Fret noise

Discussion in 'Technique [BG]' started by Tash, Feb 16, 2005.

  1. Tash


    Feb 13, 2005
    Bel Air Maryland
    Anyone have any tips to eliminate rattle noises from your frets when playing fast? I can generally play pretty clean at lower speeds, but when I start moving into faster territory I get really bad fret noise, especially when playing scales at high tempos.
  2. danman


    May 18, 2004
    Philadelphia, PA
    When I do some runs, I play very close to the bridge. You can manhandle the string over by the bridge and it still won't buzz.

    Your mileage may vary.

  3. nonsqtr

    nonsqtr The emperor has no clothes!

    Aug 29, 2003
    Burbank CA USA
    Try dipping your EQ in the 1.5 kHz range. That sometimes works, it can clean you up "temporarily". In the long run, cleanliness in technique can only be developed through practice. And, you might find (especially in live situations), that the string noise isn't necessarily a bad thing. It adds emphasis in places where it might be helpful sometimes. :)
  4. troll


    Aug 31, 2000
    Chicago area
    Yeah, raise your action/adjust your neck if you're getting some buzzing, and of course eq can help.

    Some of us like a buzzy fretty bright tone, it adds character, but for most that don't nothing cutting the highs can't fix, as long as your bass is setup well.

  5. Tash


    Feb 13, 2005
    Bel Air Maryland
    I don't think I made it clear exactly what kind of noise. Its not buzz from the strings do to low action, its a percussive, sharp transient from the strings hitting the frets either because I'm not pulling them exactly paralell to the body with my fingers (technique, I'm working on this) or because I am fretting notes quickly enough that it almost sounds like I'm tapping (because I have to get my finger onto the fingerboard so fast).

    The later problem is more annoying to me as it makes me sound sloppy even when I'm playing very precisely.
  6. NoisemakerD-Lux


    Oct 12, 2004
    I think I know what you mean. That annoying trebly click when you play. You want a smoother, more subtle sound... right?

    I'd say too much treble and/or high mids in your EQ.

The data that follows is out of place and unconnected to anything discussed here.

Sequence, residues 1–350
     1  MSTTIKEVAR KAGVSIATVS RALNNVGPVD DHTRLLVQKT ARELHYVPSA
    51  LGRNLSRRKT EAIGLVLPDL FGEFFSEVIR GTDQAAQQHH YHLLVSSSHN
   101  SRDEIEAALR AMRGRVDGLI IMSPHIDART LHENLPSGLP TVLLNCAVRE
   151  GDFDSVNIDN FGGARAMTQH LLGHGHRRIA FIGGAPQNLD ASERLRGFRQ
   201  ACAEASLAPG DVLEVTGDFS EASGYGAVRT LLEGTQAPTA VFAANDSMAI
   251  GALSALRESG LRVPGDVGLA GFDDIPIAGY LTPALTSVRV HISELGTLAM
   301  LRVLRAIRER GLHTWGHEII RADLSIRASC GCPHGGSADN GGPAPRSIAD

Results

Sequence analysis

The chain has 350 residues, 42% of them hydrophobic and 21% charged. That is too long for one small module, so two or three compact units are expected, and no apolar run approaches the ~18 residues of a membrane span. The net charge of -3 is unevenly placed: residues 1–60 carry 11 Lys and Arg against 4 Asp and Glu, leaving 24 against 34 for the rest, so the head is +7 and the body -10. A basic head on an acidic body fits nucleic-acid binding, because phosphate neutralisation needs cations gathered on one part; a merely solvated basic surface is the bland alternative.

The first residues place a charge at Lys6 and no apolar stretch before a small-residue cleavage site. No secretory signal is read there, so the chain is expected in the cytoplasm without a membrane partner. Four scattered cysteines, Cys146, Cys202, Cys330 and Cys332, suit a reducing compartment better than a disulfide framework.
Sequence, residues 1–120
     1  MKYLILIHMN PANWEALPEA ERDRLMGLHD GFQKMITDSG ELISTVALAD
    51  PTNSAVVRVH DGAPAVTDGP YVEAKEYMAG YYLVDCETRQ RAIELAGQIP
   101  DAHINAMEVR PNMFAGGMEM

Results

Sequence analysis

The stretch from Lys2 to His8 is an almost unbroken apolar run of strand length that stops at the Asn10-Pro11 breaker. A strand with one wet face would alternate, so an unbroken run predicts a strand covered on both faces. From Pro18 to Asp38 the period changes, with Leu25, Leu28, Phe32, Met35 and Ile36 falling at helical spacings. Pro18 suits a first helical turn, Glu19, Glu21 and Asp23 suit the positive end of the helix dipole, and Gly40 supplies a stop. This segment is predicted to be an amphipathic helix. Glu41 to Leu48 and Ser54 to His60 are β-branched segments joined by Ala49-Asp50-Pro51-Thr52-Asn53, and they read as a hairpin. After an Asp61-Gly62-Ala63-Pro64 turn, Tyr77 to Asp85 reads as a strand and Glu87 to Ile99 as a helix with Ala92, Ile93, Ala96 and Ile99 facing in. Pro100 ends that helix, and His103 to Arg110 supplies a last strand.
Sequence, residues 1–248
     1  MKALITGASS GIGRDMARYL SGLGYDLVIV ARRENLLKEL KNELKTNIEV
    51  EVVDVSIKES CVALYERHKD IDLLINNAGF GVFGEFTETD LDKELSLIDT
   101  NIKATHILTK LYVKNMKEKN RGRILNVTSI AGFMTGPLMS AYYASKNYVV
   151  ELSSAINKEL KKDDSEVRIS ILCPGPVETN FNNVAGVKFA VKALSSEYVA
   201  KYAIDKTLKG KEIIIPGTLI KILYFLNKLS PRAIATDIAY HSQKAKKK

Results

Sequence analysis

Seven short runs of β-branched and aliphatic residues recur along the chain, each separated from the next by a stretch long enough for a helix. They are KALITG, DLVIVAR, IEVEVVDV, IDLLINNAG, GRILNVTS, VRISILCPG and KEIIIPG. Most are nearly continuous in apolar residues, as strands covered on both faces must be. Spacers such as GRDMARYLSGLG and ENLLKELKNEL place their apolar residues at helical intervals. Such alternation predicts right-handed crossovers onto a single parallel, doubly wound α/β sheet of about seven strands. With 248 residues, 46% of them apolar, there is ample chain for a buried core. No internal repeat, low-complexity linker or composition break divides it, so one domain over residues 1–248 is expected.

I'd also say that maybe you have the Steve Harris technique where you basically hit the strings in a downward motion, resulting in a slapping sound.

    Maybe you're just too foreceful when fretting with the left hand and you end up tapping.

    Or maybe your strings are so high that when you play they end up hitting the frets from such height that they can't help but click.

    Or yet maybe your pickups are too close to the strings and you can lower them for a softer sound.

    Maybe one of these will find the problem. :hyper:
  7. Wings


    Feb 6, 2005
    Bellport, NY
    Hi Tash...

    I have the same problem at times with both hands. If it's my left hand on the neck, I find that depressing the sting with my finger directly over the fret, rather than towards the nut side of the fret cleans up the sound. Also, experiment with how much force it really takes to get a clean sound when depressing the string. Chances are that it's a lot less than you think.

    As for the right hand, I play with a very low action. Only about 1/16" clearance at the 12th fret. Playing slow to medium speeds I'm using more of a stroking of the strings rather than a plucking. But, as the speed picks up I end up using more of a downward press and release and that accelerates the string towards the frets and they collide giving off the click.

    One answer is practice because the more control I have, the less the problem, but I have also found that it is only noticable when I practice by myself. When playing with others I've never heard it even though I know it has to be there.

  8. I had that problem on a particular set of strings. I raised the saddle height some and it went away for the most part.
  9. markorbit


    Apr 16, 2004
    Yeah know what you mean I get this sound with almost any bass I own as most have low action and I get a little rusty from time to time. Fluent technique does help. I think half the battle is realising that you have too much treble set on the amp. :)
  10. markorbit


    Apr 16, 2004
    Yeah know what you mean I get this sound with almost any bass I own as most have low action and I get a little rusty from time to time. Fluent technique does help. I think half the battle is realising that you have too much treble set on the amp. :) Or rather as is mentioned above, around 1.5Khz/2Khz.
  11. Funkateer


    Jul 5, 2002
    Los Gatos, CA
    I have the same issue. I'm approaching the problem as follows. Seems to be working.

    1) Make sure you pull the strings parallel to the body of the bass. Is you do, you can set your action low, and not buzz. Or in your case, clack. On my 6'er, I find that resting the heel of my right hand on the bass, puts my fingers at an optimal angle for pulling parallel.

    2) Play closer to the bridge.

    3) Play light, and turn up.
  12. Red701


    Aug 5, 2005
    the problem where your not hitting the string paralell can be fixed by facing the top of your forearm directly up rather than slightly to the side. sometimes i will play relaxed with my arm to the side because i like that sound. its almost like half-slapping.

    as for that tapping sound i usually try to pluck the string at the same time that i am pushing it on the fretboard so it kind of drowns out the clicking.
  13. ras1983


    Dec 28, 2004
    Sydney, Australia
    I would also suggest that you work on your accuracy and interaction between your fretting and plucking hand. it happens to everyone, when we speed up the timing between our left and right hands starts to deteriorate, so we get inaccurate fretting. this causes notes to mute, buzz, sound chopped.